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Campus food court nearly deserted

Campus food court nearly deserted

By Angela K. Carranza
Bridge Assistant Editor
and by Juan Barrera
Bridge contributing writer
Published Monday, Nov. 23, 2020

What was once filled with life and lively conversations, is now a deserted island filled with limited food options.

For those unaware, Aramark changed its dining hours at the Student Center Food Court and for Starbucks due to the novel coronavirus pandemic. Sue & Radcliffe Killam Library’s Starbuck is open from 8 a.m. to 2 p.m., which is shortened from previous semesters when the coffee shop’s doors would remain open until late hours.

Gabriela Chapa | Bridge
An after-hours empty Food Court shows a lack of chairs and seating to prevent student congregation due to COVID-19 risks, on Nov. 4.

Instead, chairs are piled up and stacked up at both locations, devoid of students and the aroma of coffee grows faint. Young TAMIU scholars frequented the coffee shop for an extra boost of caffeine during and following an all-night study session. This coffee shop used to be an oasis of Java beans and good vibes during the struggling times of midterms, exams and regular class days. Now, it is deserted with barely any caffeine-addicted students in sight.

Gabriela Chapa | Bridge
Stacked chairs line either side of the TAMIU’s Student Center Food Court, as seen Nov. 4.

“It’s definitely different not having student life on campus,” Starbucks employee Maria Jimenez said. “I truly miss it. I remember working before COVID hit … clocking into my shifts, customer lines were endless, cups lined up like crazy.

“The lobby was filled with conversations, laughter, blenders going on nonstop, my coworkers calling out constant drinks. We couldn’t even hear our own store music playing; there was so much life … we always kept busy and we got to interact with so many students [who] walked into Starbucks.”

For Bene Pizzeria, both locations at Bullock Hall and the Student Center, used to emmenate the aroma of tomato sauce, oregano, sliced pepperoni and baking crust. Now they only fill the nostrils with emptiness. The pizza shops suspended all dine-in opportunities until the Spring 2021 semester.

Jessica Rodriguez | Bridge
The Bene Pizzeria location at Bullock Hall remains closed all semester, as seen Oct. 23.

Previously, the food court was open from 7:30 a.m. to 8 p.m. Mondays through Thursdays but those hours reduced to 4 p.m. on those weekdays. Previous Friday hours were 7:30 a.m. to 3 p.m.

In addition to the closing of the pizzarias, Grille Works is also closed until the Spring 2021 semester. Subway and Chick-fil-A remain the only quick-serve locations open in the food court, sometimes referred to as “the pod.”. Dusty’s Diner operation continues but with changes due to COVID-19 policies.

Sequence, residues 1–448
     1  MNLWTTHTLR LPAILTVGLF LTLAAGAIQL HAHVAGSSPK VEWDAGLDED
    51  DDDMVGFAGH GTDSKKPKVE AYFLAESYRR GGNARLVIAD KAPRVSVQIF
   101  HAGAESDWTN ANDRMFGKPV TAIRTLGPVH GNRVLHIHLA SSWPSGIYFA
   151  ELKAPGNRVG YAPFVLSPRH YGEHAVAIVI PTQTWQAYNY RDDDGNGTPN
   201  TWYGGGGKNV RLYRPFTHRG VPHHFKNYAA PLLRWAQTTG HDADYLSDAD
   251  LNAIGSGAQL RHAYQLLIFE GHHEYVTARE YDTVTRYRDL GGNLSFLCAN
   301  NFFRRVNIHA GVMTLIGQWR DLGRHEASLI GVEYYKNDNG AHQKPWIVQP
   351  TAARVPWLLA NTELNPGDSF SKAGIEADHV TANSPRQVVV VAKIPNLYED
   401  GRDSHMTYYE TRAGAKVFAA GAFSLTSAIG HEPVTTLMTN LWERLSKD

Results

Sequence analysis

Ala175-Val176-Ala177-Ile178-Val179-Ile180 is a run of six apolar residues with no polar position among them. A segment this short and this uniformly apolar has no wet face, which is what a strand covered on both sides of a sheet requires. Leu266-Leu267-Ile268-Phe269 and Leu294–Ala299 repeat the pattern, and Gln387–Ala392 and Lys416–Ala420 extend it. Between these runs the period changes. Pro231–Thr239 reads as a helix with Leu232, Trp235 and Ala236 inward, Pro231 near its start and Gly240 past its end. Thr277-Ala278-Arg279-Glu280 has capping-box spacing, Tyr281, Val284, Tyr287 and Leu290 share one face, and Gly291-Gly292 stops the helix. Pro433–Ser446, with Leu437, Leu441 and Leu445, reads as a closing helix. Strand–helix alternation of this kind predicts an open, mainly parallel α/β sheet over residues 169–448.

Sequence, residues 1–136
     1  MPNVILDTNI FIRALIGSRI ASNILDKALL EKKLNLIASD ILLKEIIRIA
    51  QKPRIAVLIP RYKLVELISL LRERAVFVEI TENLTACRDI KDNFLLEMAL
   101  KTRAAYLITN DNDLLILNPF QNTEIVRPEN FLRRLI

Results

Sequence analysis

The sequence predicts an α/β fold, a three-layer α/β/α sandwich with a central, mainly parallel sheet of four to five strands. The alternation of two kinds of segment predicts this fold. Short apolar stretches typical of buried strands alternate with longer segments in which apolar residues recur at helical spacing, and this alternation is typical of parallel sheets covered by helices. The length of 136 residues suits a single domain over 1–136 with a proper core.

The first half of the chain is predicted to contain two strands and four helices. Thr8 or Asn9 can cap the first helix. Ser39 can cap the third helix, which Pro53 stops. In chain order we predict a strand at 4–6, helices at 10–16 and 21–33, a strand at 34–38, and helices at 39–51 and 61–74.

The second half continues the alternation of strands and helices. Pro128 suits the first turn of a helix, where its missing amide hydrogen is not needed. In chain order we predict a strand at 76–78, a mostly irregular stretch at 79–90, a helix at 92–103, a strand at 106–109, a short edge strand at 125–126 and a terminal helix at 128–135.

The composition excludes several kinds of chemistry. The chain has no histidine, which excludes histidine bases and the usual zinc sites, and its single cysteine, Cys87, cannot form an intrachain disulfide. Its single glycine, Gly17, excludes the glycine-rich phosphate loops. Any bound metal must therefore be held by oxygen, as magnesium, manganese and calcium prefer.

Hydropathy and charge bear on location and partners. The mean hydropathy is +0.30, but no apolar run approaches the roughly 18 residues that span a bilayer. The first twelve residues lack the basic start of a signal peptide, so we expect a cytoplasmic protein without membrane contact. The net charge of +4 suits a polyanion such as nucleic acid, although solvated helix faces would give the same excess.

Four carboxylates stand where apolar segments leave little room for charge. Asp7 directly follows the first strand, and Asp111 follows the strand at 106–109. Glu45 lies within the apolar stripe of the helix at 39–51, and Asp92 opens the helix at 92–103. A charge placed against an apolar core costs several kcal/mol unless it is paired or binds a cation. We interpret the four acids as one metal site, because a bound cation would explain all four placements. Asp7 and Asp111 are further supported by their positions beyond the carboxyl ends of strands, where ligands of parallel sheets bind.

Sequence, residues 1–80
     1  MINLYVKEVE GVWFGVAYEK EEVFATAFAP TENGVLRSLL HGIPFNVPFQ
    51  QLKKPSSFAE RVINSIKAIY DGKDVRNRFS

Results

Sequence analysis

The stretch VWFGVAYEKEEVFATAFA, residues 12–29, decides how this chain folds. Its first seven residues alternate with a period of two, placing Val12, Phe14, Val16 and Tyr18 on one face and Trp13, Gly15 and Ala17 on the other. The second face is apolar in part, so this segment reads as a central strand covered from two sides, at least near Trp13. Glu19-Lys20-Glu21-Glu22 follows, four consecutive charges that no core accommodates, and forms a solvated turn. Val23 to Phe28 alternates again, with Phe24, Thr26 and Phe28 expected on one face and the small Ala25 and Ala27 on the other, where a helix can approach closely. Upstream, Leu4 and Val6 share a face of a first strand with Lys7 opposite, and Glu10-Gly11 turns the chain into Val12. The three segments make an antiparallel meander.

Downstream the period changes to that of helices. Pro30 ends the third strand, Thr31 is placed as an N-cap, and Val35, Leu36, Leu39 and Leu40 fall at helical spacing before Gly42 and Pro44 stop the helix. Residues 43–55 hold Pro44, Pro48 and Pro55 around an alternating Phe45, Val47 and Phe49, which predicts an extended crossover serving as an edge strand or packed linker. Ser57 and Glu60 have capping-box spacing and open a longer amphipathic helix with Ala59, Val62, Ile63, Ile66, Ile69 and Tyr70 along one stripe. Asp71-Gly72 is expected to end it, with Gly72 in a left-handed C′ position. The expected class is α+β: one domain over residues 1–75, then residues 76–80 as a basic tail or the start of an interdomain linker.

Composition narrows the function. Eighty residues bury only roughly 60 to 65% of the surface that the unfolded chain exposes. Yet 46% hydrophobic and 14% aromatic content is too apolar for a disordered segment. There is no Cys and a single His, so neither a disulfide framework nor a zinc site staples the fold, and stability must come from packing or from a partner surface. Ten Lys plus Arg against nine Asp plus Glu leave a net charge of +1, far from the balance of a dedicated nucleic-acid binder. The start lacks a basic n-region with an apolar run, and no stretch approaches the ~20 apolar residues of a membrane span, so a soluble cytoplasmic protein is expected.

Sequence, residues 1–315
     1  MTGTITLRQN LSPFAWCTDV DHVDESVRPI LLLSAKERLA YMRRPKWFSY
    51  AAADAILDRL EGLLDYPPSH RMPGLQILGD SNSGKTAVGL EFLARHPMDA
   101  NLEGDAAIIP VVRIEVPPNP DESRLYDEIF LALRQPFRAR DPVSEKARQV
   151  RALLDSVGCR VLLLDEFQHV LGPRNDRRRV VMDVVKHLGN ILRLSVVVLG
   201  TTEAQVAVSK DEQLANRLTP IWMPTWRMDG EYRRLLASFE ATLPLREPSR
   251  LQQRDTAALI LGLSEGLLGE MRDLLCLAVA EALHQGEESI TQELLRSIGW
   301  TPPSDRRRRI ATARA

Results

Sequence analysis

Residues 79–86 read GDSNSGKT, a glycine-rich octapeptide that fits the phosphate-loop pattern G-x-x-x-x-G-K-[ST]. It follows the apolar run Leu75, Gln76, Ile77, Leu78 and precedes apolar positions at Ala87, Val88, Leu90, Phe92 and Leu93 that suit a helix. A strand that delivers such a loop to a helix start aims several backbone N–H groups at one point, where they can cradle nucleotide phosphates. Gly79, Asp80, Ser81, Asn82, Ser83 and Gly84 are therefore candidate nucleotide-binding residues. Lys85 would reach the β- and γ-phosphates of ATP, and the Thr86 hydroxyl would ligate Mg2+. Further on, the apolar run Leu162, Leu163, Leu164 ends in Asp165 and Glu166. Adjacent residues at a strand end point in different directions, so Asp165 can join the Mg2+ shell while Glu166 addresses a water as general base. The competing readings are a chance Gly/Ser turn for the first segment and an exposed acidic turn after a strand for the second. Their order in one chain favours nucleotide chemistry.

“Well for one, this wearing of the mask and social distancing has taken its toll on how people interact with one another,” Diana Martinez said, “which is why there’s not many people around campus and not many customers visiting the pod.”

The diner used to be lively with students rushing to and from classes. Students and staff grabbed meals or snacks right before their next commitment.

“As for the flow at the pod, not many students are on campus,” Martinez said. “It’s been rather slow and, sadly, a boring situation.”

The food court existed as the meeting place for students to relax, kick back or just catch up with friends between classes.

Despite the dour look of things, Jiminez believes student life will return and those familiar sounds will once again grace these various congregation spots on campus. In the meantime, she wants to make the best of the situation at hand.

“Work right now is much slower and quieter than usual, so it makes some days a bit boring to be honest,” Jiminez said. “But that’s just ‘cause I’m the type that loves being busy and interacting with customers, plus always having something to do always makes the day go faster.

“But my passion for my work has never gone anywhere. I can have 100 plus students or just five visit the store and my job is still fun for me.”

Part of what Jiminez said makes the job fun is being around her coworkers. Recent times affected their working relationships.

“We definitely always keep each other motivated and laughing, here and there, by just being there for each other [on] good and bad days,” she said. “Right now, I think because we have more time to interact with each other as coworkers, we’ve become closer. We converse a bit more than what we would have on a busy, busy day. So we’ve gotten to learn more about each other as a team and I believe it’s made us work better together.”

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